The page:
If you’re reading this you’re probably arrived at the point for a pre-settlement inspection. Congratulations! You’re nearly at the end of the home buying process. But don’t forget about this important step. Inspecting the home you’ve bought and are moving into help ensure nothing bad surprises you down the line.
It’s a simple enough procedure. But if someone’s been living in the home during the settlement stage, you’ll want to make sure it’s still in the condition you agreed on. Settlements periods can range anywhere between 30 and 90 days, which leaves ample time for unexpected changes to occur.
Think of this as a final chance to verify everything in the property is as stated in the contract. And if it isn’t, we’ll also go through how to solve those issues. So before you head out for the appointment, arm yourself with our comprehensive pre-settlement inspection checklist and a notepad. And let’s kick this off by addressing a few questions you might have.
When should the pre-settlement inspection take place?
Usually, the pre-settlement inspections are scheduled by the real estate agent. It shouldn’t take longer than a half hour, especially if there are still people living there. So if you have any questions or concerns, now’s the time to raise them.
When the inspections take place depends on your state. But here are some examples of current regulations:
Victoria – inspections can be arranged anytime within the week before settlement.
South Australia – inspections are only permitted if stated as such in the contract.
Take a look at your state’s government website to stay up to date. And get organised so you have plenty of time to prepare for the inspection. The earlier the better—that way if the vendor has any repairs to arrange, there is enough time to complete them before you move in.
Who can inspect the property?
Typically, the real estate agent is present during the inspection and accompanies you—the buyer. Just make sure you’ve scheduled the inspection with the vendor, and are not showing up unannounced.
Bring along the sale contract so you can refer to it when needed.
How many inspections can I do?
You can pretty much conduct only one inspection, which is why we encourage preparing yourself for it. However, if there are changes or necessary repairs to be done, you can visit again to verify the maintenance.
What should I look out for during the pre-settlement inspection?
This is where our pre-settlement inspection checklist comes in. Depending on the type of home you’ve purchased, you’ll need to check different things. Our checklist covers all general aspects of the inspection:
- Lighting and electricity – check to make sure everything is working; the switchboard, power points, the lights in every room (including the potential bathroom heat lamp), doorbell, outdoor lighting, exhaust fans, heating and air conditioners. If there’s a garage, check that the door is functioning properly, as well as the outdoor gate. Safety aspects like locks and the alarm system should also be in good working order.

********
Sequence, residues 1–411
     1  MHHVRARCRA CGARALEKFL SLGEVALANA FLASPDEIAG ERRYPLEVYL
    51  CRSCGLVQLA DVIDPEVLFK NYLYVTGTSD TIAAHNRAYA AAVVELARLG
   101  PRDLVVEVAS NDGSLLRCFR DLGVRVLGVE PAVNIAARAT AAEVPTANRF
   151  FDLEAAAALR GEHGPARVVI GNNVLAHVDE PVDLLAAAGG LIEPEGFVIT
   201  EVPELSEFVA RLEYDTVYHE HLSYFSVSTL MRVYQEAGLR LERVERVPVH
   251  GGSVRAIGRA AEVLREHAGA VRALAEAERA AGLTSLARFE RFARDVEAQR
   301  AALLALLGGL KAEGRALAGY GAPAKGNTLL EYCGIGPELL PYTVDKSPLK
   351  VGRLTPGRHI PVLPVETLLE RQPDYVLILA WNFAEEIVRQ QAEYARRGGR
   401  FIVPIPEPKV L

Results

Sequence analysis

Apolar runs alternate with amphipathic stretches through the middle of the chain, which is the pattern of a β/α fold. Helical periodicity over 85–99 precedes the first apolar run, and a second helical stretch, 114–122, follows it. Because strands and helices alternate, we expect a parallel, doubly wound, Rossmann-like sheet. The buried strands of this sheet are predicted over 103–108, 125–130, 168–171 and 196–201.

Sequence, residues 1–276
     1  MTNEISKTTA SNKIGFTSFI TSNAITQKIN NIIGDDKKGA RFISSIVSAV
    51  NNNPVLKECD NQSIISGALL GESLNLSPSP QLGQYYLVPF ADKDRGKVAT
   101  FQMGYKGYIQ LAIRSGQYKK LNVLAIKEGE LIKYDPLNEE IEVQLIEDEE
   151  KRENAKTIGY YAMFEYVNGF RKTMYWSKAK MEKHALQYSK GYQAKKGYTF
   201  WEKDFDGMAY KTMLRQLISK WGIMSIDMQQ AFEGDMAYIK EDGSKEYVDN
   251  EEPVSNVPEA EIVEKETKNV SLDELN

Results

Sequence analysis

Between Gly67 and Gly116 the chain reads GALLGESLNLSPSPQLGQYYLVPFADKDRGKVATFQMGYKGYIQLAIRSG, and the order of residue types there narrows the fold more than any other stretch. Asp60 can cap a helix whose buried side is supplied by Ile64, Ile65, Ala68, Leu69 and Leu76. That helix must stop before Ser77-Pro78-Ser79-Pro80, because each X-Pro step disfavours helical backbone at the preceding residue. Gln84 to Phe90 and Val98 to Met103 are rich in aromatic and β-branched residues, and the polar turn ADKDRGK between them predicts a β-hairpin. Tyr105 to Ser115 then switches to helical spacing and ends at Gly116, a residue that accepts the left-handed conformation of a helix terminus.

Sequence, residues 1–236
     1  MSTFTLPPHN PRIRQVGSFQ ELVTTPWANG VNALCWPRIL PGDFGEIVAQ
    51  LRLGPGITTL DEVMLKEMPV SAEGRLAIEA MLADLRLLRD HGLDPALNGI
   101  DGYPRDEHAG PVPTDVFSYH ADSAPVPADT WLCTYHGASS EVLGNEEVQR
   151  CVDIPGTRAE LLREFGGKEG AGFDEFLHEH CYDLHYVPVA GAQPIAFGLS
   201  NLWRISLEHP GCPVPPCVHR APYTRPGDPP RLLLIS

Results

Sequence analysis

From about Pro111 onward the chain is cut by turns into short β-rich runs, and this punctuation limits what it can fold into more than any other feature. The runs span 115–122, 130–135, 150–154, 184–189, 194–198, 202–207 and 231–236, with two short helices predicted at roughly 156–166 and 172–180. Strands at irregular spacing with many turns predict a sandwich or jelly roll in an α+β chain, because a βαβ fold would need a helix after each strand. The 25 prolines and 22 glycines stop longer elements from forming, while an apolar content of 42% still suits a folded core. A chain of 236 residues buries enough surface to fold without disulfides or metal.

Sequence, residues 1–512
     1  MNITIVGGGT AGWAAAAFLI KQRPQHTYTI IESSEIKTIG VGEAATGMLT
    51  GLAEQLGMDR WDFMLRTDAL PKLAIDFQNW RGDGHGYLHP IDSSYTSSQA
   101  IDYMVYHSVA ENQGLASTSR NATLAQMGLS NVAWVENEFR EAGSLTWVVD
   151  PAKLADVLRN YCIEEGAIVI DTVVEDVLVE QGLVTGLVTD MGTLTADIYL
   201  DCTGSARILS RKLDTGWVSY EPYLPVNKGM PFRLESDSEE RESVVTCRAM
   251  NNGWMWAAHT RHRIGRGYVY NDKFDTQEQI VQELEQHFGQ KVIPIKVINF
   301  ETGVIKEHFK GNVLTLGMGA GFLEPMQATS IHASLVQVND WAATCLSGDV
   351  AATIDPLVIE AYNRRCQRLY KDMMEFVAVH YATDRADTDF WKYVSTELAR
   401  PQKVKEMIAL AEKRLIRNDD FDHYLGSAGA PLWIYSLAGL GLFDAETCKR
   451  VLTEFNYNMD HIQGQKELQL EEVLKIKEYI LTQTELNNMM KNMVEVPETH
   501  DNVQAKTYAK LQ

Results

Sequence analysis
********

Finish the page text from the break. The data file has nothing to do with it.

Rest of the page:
- Kitchen appliances – check all the appliances are working by switching them on and off. Including the oven, stove, stove exhaust, dishwasher and any other appliances included in the contract.
- Fixtures – go through the property and turn on every tap, checking for hot and cold water. Make sure the toilets too are functioning. And while in the bathroom, look out for leaks under the basin and in the cupboards. Washing machine taps should also be looked at.
- Outdoors – the outdoor landscaping, including the backyard, garden, terrace, balcony should all be maintained properly. Check also that outdoor hoses are working well.
- Windows and doors – go through the home and check both the doors and the windows by closing and opening them, then locking and unlocking. Also look for any minor issues with door handles.
- Curtains – this depends on your contract, but if window dressings, such as curtains or blinds, are included, they should still be there. And if they’re not, discuss this with the seller and make sure they will be taken down.
- Rubbish bins – make sure the right rubbish bins are there and in decent condition. They shouldn’t be filled with piles of rubbish or green waste.
- If any furniture was included in the sale, check that they are present and will remain there.
- Look out for other appliances like the gas meter, hot water system, smoke detectors and the pool pump.
What should I do if I find a problem?
If something needs repair or isn’t as agreed upon in the contract, notify your solicitor or conveyancer as soon as possible. If there isn’t enough time for the repair, they might be able to speak to the seller and negotiate on the balance of the purchase price.
However, if it can be attended to before settlement, the vendor may just want to fix it.
This may come at a stressful time, when you’re preparing to move and might have to deal with unexpected repairs. But if you keep levelled, and deal with it rationally, this should move forward with no problems.
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